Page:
Trace Genomics, a San Francisco Bay area startup developing revolutionary, AI-enabled diagnostic tools for farmers to increase yields and reduce costs, has closed a $13 million Series A round.
Trace Genomics has built the first scalable soil microbiome test to help farmers predict soil disease, soil health, and crop quality, using high-throughput DNA sequencing and machine learning.
Leading East Coast investor Stage 1 Ventures led the round. Additional investors participating in the round include Viking Global Investors, online venture capital platform AgFunder, and others.
Billions of microorganisms populate every tablespoon of soil, interacting with the roots of plants to play a key role in how they uptake nutrients and grow. But microbes can also play a role in what causes plant disease in crops too.
With a growing, proprietary knowledge base, Trace Genomics can identify previously unknowable microbial species occurring in agricultural soils, and provide farmers with information about which microbes could be impacting production. Farmers can use this information to make decisions about which seeds to use, what rotations to deploy and which biological agents to apply.
Overall the startup aims to help growers increase yields, achieve more efficient nutrient use, reduce input costs, reduce the disease risks facing their crops.
“We think Trace Genomics’ category-defining technology has the potential to materially change our approach to food production,” said Michael Dean, Chief Investment Officer at AgFunder, the online venture capital platform. “As their data library grows, they’ll identify microbial relationships that can threaten or sustain crops, enabling appropriate responses by growers and their advisors.”
Trace Genomics’ tests can also effectively gauge soil health, carbon sequestration, and sustainable agricultural production.
“Trace Genomics has the opportunity to transform how we measure sustainable and regenerative farm management practices,” said Joseph Pianelli, Stage 1 Ventures Operating Partner in a statement.
“It’s time we started paying attention to the dirt below our feet,” added Veery Maxwell, Director at Energy Innovation. “Trace’s technology could play a significant role in helping food companies meet their stated climate goals, providing a way to quantify these efforts for the first time. The soil microbiome also plays a significant role in providing nutrients to the plant through its roots, and that influences the nutrition content of the food we produce and eat.”
After just one year with commercially-available diagnostic tools, Trace Genomics is helping growers of over 70 high-value fruits and vegetables make crucial input and planting decisions, and have tested soil samples representing more than 150,000 acres.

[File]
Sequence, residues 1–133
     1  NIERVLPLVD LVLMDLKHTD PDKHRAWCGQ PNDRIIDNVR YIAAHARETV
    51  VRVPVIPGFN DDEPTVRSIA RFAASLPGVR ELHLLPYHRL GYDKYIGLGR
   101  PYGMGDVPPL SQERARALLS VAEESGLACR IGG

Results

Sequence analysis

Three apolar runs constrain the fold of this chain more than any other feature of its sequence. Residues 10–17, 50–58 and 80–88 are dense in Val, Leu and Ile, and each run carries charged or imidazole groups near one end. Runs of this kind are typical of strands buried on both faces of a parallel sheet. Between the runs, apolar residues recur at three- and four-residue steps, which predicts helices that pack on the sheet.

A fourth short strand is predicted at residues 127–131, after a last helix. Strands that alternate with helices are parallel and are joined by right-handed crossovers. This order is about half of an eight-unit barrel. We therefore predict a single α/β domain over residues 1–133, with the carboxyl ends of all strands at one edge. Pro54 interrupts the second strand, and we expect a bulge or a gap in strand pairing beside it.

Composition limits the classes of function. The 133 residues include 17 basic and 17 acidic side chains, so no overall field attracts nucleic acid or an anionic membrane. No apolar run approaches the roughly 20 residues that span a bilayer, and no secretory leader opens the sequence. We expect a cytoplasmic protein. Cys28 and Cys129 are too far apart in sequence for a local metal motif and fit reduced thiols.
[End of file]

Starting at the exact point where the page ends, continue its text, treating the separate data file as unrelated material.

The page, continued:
Carl Casale, a Trace Genomics customer and former CEO of food and ingredients company CHS said: “Precision agriculture lacks the ‘so what’. With the Trace report, we were able to see very clearly what was causing loss of productivity on our fields and what we needed to do about it. We saved over $100/acre by avoiding a fungicide we didn’t need and focusing on specific approaches to improve our soil health. We saw visible improvements to our yields the following season.”
From Fresh Fruit to Grains
Trace Genomics launched its first offering, a disease risk panel of 10 disease indicators for one crop (strawberries) in Summer 2016. Since then, its offerings now include dozens of soil health indicators and more than 100 disease risk indicators for over 70 crops. It has helped growers of high-value fruits and vegetables make crucial input and planting decisions.
The company now has the capacity to process more than thousand soil samples a week. It uses the same process to analyze soils regardless of the crop or region, enabling learnings that can be applied broadly or specifically.
Next year, with its ability to process more than thousand soil samples a week across geographies and soil types, Trace Genomics will expand to corn and soybean, with the potential to impact over 170 million acres in the US alone. Trace Genomics can identify the likelihood of crop diseases such as soybean sudden death syndrome and can guide growers to decisions that lead to greater nutrient efficiency. Both of these benefits can increase overall profit for the farmer, a growing priority in recent years with deflated food commodity prices.
“The founding team has demonstrated a passion for microbiome science and a determination to deliver value to the market.”
Trace Genomics was founded by Dr. Diane Wu and Dr. Poornima Parameswaran, who met as graduate students in Nobel Laureate Andrew Fire’s lab at Stanford University. Their complementary backgrounds span computational biology, genomics, data science, immunology, microbiology, and infectious diseases.
“People have been looking for ways to tackle global food security – and it’s right there, under their feet,” said Poornima Parameswaran, PhD, Trace Genomics’ President and Co-founder. “Measuring the soil biome is the critical first step in optimizing the natural functions present in our soils today, so we can be more precise and economical in choosing seed, nutrients and other inputs. Our ability to sustainably utilize our soils today will put us on track to meeting our growing food demands sustainably.”
This fundraising round brings Trace Genomics’ total capital raised to more than $19 million. Previous investors include Fall Line Capital and Refactor Capital. Trace Genomics is also an AgFunder Innovation Award winner.
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